Tissue engineering, non-invasive imaging and mathematical modelling could be used as alternatives
The UK Government has outlined how it will reduce, replace and refine the use of animals in research – known as ‘the 3Rs’.
It says it will encourage researchers to use alternatives wherever possible, but there is no commitment to reduce the total number of animal experiments, which has been increasing. This is in spite of the Coalition's pledge to promote reduction.
The Fund for the Replacement of Animals in Medical Experiments (FRAME) said it is disappointed that no targets have been set in the Government’s plan. It said it would have liked to 'see an expansion of the current programme and more investment into the search for alternatives so that more non-animal methods become available to be used in bio-medical research'.
FRAME’s ultimate aim is the elimination of the need to use laboratory animals in any kind of scientific or medical procedures.
Rather than cut animal experiments, the government said it would promote new, more ethical research techniques to 'ensure better science is delivered alongside the highest levels of welfare for animals used in research'.
This delivery plan puts science at the heart of our commitment to work to reduce the use of animals in research
The plan has been developed between the Department for Business, Innovation and Skills (BIS), the Home Office and the Department of Health, with contributions from across Government.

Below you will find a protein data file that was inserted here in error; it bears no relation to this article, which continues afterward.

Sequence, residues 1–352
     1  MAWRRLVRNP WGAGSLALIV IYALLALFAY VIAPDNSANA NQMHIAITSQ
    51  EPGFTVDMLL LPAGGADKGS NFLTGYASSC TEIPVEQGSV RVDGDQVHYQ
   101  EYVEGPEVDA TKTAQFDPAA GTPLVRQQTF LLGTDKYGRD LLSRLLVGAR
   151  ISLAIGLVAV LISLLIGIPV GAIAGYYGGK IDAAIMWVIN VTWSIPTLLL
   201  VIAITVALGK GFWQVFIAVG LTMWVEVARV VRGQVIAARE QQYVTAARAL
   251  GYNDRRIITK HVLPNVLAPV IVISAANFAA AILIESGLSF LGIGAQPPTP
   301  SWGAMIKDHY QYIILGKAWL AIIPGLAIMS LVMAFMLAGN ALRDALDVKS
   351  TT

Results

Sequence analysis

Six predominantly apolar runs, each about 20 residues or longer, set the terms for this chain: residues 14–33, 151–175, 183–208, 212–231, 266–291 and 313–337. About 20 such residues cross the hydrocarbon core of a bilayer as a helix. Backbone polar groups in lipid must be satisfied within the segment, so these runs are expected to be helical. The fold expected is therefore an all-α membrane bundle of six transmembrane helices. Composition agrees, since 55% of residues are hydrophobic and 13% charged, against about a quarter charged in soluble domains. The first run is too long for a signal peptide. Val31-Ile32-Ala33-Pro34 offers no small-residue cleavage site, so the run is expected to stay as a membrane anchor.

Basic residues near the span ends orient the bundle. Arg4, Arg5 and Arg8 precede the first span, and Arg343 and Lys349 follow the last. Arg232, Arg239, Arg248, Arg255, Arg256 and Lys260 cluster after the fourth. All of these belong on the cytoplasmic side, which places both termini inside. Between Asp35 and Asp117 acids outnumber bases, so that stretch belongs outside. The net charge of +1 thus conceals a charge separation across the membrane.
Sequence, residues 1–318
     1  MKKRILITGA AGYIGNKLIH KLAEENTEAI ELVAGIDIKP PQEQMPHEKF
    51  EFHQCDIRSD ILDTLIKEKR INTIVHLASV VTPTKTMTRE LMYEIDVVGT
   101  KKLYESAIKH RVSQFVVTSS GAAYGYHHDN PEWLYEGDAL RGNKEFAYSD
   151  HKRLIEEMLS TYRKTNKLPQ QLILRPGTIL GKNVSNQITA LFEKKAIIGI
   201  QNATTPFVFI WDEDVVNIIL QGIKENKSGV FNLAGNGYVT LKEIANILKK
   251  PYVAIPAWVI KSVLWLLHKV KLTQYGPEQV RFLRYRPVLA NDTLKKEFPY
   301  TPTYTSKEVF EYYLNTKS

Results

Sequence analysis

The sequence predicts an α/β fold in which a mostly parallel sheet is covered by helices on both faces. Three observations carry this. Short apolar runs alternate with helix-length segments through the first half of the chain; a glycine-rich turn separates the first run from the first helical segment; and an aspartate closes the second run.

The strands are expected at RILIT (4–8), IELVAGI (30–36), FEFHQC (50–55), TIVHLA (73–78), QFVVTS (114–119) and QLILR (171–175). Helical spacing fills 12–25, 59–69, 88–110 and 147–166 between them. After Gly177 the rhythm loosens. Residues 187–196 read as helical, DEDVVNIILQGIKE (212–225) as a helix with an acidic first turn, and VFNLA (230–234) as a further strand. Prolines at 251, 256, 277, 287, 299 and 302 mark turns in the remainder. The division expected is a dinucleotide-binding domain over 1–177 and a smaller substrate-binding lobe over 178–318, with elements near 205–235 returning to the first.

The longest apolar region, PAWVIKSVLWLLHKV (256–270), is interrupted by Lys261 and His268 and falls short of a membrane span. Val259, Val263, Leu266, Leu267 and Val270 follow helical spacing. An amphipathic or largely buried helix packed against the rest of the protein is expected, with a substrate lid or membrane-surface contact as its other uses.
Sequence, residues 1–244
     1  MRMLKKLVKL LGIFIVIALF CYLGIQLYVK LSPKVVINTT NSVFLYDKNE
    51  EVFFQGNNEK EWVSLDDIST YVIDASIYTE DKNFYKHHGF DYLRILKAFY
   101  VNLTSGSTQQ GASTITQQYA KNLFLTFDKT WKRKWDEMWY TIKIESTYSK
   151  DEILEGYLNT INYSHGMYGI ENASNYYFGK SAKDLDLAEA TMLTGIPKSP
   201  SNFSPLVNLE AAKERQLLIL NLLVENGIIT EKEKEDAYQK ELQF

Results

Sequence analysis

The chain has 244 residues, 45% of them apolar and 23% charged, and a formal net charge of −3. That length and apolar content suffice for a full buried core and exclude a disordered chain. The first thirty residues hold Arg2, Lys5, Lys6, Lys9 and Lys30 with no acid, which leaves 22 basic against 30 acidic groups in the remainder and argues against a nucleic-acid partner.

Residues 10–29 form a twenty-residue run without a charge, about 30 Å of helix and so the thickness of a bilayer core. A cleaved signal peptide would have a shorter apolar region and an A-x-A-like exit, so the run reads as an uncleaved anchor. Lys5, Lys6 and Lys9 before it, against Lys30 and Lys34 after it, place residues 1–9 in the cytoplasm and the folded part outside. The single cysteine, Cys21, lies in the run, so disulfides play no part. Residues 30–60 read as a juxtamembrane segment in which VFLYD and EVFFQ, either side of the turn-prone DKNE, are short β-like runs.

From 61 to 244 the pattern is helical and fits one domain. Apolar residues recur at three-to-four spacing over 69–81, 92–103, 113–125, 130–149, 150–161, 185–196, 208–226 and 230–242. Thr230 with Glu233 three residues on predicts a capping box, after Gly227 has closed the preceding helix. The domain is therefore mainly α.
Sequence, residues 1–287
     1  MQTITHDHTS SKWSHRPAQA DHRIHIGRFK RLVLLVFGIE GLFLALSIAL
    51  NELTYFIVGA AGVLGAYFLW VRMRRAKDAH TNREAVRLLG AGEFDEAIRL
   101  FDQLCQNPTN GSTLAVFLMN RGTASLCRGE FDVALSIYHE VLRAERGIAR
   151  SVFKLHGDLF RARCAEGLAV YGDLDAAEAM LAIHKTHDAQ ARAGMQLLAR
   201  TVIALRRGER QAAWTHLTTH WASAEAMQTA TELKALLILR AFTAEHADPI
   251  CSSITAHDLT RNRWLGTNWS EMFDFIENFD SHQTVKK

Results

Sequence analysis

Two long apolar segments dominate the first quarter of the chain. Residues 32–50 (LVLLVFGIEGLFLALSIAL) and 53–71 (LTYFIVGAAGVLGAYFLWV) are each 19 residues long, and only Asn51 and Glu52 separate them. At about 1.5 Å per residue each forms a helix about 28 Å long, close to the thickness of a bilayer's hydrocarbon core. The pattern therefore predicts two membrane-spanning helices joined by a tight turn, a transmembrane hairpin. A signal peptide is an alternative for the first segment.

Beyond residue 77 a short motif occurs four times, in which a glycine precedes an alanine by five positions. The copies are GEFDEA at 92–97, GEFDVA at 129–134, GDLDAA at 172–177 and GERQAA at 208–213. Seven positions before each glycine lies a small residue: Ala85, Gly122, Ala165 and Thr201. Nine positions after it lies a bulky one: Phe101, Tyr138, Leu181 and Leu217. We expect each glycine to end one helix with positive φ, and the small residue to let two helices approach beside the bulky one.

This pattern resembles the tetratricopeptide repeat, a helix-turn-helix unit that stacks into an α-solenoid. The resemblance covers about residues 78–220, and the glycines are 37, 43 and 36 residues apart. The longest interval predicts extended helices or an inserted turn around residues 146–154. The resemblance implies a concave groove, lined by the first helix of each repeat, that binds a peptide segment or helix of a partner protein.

'This delivery plan puts science at the heart of our commitment to work to reduce the use of animals in research,' said David Willetts, Universities and Science Minister.
'It highlights the important work our life sciences sector is doing to provide a package that is good for patients, animal welfare, the environment and the UK’s economic growth.'
He added: 'Animals are only used when there are no suitable alternatives. But the results we get from research can transform lives and pave the way for new and ground-breaking medical advances. By encouraging new cutting-edge approaches to science we will not only improve standards of animal welfare but also reduce costs to industry.'
Tissue engineering, research using human stem cells, non-invasive imaging and mathematical modelling are among the advances already being embraced as alternatives to using live animals.
The UK’s National Centre for Replacement, Refinement and Reduction of Animals in Research (NC3Rs) has been leading the way in this area, and has already invested more than £35m to support this work. As a result, trials into cancer, epilepsy, multiple sclerosis, as well as toxicity testing, have all seen reductions in animal use.
The scientific case for developing new techniques that do not involve animals is as strong as the moral one
Crime Prevention Minister Norman Baker, who is leading the Home Office work, said: 'I am committed to reducing the use of animals in research. The scientific case for developing new techniques that do not involve animals is as strong as the moral one.
'Through our delivery plan, we are showing how alternative methods can provide fast, high-quality research that also boosts economic growth.
'Our commitment will pave the way for future practice, both at home and abroad, and will cement the UK’s place as an international leader in this field.'
The Technology Strategy Board is also leading work to invest up to £4m in early stage feasibility studies to help accelerate the development of the uptake of new non-animal technologies. This will give businesses the opportunity to work with the UK’s research base to develop new technologies that could better predict the effect of new drugs in humans and the environment.